Want to Start Reading? Here are 12 Tips from 12 Editors

  1. Choose interesting books to read. Start with thrillers, murder mysteries – basically page-turners that will keep you hooked. – Amrita Mukerji, Chief Copy Editor

 

  1. Go easy on yourself: read slowly, read a comic book, read a graphic novel, read a book of poems, read a picture book, read a book where nothing happens, read a book which promises to explain everything. Read Kari by Amruta Patil, flip through Why I Wake Early by Mary Oliver, savour This is a Poem That Heals Fish by Jean-Pierre Simeón. – Sohini Basak, Assistant Editor

 

  1. Books don’t need much effort to pick up, and the best part is that reading is a hobby you can afford. Read a book to someone! Make enough noise when you are reading! Let the characters come alive – this is especially true with siblings … One feels the excitement when the other is reading and latches on to the book! In this case, the younger sibling has no intentions of letting go of the book in question! – Bidisha Srivastava, Associate Editor

 

  1. Reading graphic novels can be a good start. It will help you learn new vocabulary, which will make reading books and articles easier and more enjoyable. It’s important, however, that you challenge yourself, even mildly, with each new book. – Joseph Antony, Copy Editor

 

  1. I think one of the ways to do it, especially given the world we live in today, is look at books the way we look at our devices – that like our cell phones and iPads and whatnot, books are an option too.  Bored in a waiting room? Read a book. Long metro ride? Read a book. Lying in bed and can’t sleep? Read a book. Much better on the eyes and you don’t need a charger. – Swati Daftuar, Commissioning Editor

 

  1. The best way to cultivate a reading habit is to set daily goals for yourself. Allocate a fixed time for reading – half an hour before sleeping, maybe? – and stick to it. If you need suggestions on what to read, join an online book club. It’s a great way to discover new authors and titles. – Sonal Nerurkar, Senior Commissioning Editor

 

  1. Step 1: program your mind that reading is the best thing to do before sleep (How? Read the Power of Your Subconscious mind by Joseph Murphy)

Step 2: Reserve at least 30 minutes for reading at bedtime. The time will gradually             increase as your habit picks up.

Step 3: Throw your TV out of the bedroom

Step 4: Buy a kindle device (Who keeps reading lights in bedroom these days!)

Step 5: Load your favourite books on the device

Step 6: Always Keep your device charged

Step 7: Never forget any of the steps

         – Sachin Sharma, Senior Commissioning Editor

 

  1. Pick something light and breezy like a romance or a thriller to start with. Even comic books and graphic novels will do. And remember to be patient and stick it out through the first half of the book till it picks up pace. Don’t give up just because you think you’re getting bored reading the first twenty or thirty pages. – Rea Mukherjee, Assistant Editor-Literary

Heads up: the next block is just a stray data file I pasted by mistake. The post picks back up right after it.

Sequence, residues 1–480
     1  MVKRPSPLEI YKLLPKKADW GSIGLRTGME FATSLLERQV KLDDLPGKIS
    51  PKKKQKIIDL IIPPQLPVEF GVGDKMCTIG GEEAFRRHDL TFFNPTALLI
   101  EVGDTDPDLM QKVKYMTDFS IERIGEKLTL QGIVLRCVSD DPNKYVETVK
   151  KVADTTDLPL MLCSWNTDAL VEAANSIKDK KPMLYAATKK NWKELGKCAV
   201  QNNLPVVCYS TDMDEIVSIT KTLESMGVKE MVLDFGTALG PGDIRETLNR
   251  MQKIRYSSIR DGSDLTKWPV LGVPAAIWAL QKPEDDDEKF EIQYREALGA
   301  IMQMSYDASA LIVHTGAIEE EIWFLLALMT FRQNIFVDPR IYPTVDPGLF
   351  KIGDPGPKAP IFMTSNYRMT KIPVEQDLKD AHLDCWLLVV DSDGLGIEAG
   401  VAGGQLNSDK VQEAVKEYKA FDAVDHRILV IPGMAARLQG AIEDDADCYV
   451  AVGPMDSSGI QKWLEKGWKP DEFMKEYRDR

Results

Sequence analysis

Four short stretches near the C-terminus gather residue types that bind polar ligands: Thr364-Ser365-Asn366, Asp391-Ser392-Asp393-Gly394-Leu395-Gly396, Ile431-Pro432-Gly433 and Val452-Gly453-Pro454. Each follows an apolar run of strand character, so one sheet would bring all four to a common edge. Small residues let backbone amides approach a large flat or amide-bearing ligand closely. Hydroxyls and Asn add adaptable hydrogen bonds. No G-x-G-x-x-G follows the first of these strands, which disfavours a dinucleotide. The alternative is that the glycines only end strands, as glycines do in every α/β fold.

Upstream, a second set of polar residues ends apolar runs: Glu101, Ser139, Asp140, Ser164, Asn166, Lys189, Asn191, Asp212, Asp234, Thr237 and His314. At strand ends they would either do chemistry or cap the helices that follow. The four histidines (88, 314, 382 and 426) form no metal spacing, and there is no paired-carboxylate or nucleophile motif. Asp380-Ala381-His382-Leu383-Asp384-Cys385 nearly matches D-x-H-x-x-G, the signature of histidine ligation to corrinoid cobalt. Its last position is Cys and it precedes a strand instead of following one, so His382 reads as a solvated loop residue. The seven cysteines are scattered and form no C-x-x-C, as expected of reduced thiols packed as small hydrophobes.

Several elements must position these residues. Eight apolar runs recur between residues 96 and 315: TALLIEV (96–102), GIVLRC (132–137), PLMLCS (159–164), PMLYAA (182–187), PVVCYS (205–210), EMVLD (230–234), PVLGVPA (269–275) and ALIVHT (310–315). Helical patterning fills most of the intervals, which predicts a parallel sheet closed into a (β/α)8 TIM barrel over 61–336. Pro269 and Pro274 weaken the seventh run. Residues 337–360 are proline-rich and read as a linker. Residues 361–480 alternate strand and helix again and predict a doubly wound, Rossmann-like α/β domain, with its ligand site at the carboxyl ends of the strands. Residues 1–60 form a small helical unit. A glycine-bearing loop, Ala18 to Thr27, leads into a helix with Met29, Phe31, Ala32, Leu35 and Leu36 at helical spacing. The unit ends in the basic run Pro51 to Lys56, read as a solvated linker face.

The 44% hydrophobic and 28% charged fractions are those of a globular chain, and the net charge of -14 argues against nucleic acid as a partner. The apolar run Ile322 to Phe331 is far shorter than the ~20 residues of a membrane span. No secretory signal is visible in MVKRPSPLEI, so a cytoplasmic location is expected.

1. Switch to a format that works for you. Over the past year my reading had gone down drastically as my new-born occupied all my waking hours outside of work. The only time I got to read was once she was asleep at night, but I couldn’t dare switch on the light then: the risk of having a bawling baby on my hands was just not worth it. I had been averse to e-books for a long time, but recently I switched to reading on the Kindle app on my phone at night and my reading has gone up again. So, my tip is try new formats — e-books, p-books, audio books — whatever works to help you read more. – Siddhesh Inamdar, Commissioning Editor

 

  1. Try starting with slim novels – the sooner you begin finishing books, the more frequently you experience the sense accomplishment that comes with it. Your favourite candy bars work the same way: if you feel rewarded, you’re more likely to indulge again. – Prerna Gill, Assistant Editor

  

  1. Very simply: by picking up a book and starting to read it. Word by word, page by page – and this is important – finishing it. The going on to another. And another. I.e. the way you’d develop any other habit – by starting it and keeping at it. –  Rahul Soni, Senior Commissioning Editor

 

12.  Start with books you think you will like, not what you think might look cool on                    your bookshelf. You can always transition and explore genres once you start seeing            reading as a viable, enjoyable pastime. –  Prema Govindan, Commissioning Editor

 

Leave a Reply

Fill in your details below or click an icon to log in:

WordPress.com Logo

You are commenting using your WordPress.com account. Log Out /  Change )

Google+ photo

You are commenting using your Google+ account. Log Out /  Change )

Twitter picture

You are commenting using your Twitter account. Log Out /  Change )

Facebook photo

You are commenting using your Facebook account. Log Out /  Change )

Connecting to %s